Conclusions

The results suggest it is possible to reduce the occurrence of endemic gastroenteritis with a more advanced treatment process for drinking water. The delay between a heavy rainfall event (and the resulting decrease in raw water quality) and the increased number of nurse advice calls suggests viruses are the main cause, as the timing is consistent with viral incubation times. A viral transmission was also proposed when comparing different cities, as a more advanced water treatment process seems to be most beneficial during seasons where viruses are acknowledged as the main cause of AGI. Our research suggests that upgrades to drinking water treatment techniques, especially those aiming to better eliminate viruses, are warranted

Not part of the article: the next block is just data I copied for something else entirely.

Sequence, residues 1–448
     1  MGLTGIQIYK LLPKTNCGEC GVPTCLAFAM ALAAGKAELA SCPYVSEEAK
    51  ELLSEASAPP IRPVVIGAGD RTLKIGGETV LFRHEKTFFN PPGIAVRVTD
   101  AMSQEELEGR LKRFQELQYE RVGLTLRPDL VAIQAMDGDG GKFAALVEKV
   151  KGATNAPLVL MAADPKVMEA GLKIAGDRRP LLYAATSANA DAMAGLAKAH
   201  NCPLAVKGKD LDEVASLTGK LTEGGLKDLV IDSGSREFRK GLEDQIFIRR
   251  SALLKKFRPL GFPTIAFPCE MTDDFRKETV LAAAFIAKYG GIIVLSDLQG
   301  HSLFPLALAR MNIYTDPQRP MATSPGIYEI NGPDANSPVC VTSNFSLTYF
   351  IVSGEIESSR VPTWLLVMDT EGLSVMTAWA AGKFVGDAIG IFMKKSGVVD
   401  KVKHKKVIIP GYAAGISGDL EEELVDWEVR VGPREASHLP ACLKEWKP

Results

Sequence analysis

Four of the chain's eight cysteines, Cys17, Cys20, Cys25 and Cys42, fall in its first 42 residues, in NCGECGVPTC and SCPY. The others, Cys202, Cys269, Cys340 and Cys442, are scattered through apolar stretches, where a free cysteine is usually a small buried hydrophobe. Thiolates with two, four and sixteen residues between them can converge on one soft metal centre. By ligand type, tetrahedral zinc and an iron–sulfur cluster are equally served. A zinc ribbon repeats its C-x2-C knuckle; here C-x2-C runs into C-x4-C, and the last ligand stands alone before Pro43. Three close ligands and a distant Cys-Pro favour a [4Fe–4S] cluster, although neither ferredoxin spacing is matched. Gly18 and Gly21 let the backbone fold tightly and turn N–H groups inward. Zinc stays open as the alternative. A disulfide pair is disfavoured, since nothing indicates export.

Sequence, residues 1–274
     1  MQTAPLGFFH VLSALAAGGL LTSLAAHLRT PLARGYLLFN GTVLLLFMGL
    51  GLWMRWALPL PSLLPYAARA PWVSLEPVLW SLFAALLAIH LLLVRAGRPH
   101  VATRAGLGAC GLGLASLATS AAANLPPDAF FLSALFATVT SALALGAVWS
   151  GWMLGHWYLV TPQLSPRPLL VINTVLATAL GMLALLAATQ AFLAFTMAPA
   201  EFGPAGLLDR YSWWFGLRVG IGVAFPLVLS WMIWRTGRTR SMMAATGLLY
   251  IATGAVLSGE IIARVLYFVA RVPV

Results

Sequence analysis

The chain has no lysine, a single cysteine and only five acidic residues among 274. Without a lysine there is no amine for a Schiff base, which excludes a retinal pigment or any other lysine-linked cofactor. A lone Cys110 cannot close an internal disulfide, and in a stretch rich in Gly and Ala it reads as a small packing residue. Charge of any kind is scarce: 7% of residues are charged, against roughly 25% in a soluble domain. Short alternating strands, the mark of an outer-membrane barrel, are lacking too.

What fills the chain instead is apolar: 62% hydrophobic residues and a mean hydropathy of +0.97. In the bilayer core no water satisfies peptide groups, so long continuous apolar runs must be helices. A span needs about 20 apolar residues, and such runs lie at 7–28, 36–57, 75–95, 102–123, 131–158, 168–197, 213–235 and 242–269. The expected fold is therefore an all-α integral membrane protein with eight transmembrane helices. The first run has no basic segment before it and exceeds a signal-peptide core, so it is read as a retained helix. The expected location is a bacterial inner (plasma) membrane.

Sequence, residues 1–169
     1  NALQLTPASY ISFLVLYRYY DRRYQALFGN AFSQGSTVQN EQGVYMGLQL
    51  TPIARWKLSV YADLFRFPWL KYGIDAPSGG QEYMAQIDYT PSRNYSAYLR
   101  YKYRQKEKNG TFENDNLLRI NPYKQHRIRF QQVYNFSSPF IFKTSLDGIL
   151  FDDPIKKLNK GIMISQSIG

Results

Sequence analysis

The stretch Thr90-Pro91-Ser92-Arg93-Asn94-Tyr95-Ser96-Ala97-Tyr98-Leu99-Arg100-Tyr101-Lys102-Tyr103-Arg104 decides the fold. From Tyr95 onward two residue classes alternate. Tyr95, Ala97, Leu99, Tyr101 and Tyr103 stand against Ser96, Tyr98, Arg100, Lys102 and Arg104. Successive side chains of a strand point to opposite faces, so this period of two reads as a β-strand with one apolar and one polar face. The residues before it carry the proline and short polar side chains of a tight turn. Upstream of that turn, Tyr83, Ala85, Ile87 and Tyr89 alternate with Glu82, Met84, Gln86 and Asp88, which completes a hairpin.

Place, publisher, year, edition, pages
Umeå: Umeå University , 2015. , 36 p.
Series
Umeå University medical dissertations, ISSN 0346-6612 ; 1751
National Category
Environmental Health and Occupational Health Public Health, Global Health, Social Medicine and Epidemiology
Research subject
Epidemiology
Identifiers
URN: urn:nbn:se:umu:diva-108545ISBN: 978-91-7601-339-7 (print)OAI: oai:DiVA.org:umu-108545DiVA: diva2:853512
Public defence
2015-10-09, Triple Helix, Samverkanshuset, Umeå universitet, Umeå, 13:00 (English)
Opponent
Supervisors
Available from: 2015-09-18 Created: 2015-09-14 Last updated: 2015-09-17Bibliographically approved
List of papers
1. Precipitation Effects on Microbial Pollution in a River: Lag Structures and Seasonal Effect Modification
Open this publication in new window or tab >>Precipitation Effects on Microbial Pollution in a River: Lag Structures and Seasonal Effect Modification
2014 (English)In: PLoS ONE, ISSN 1932-6203, E-ISSN 1932-6203, Vol. 9, no 5Article in journal (Refereed) Published
Abstract [en]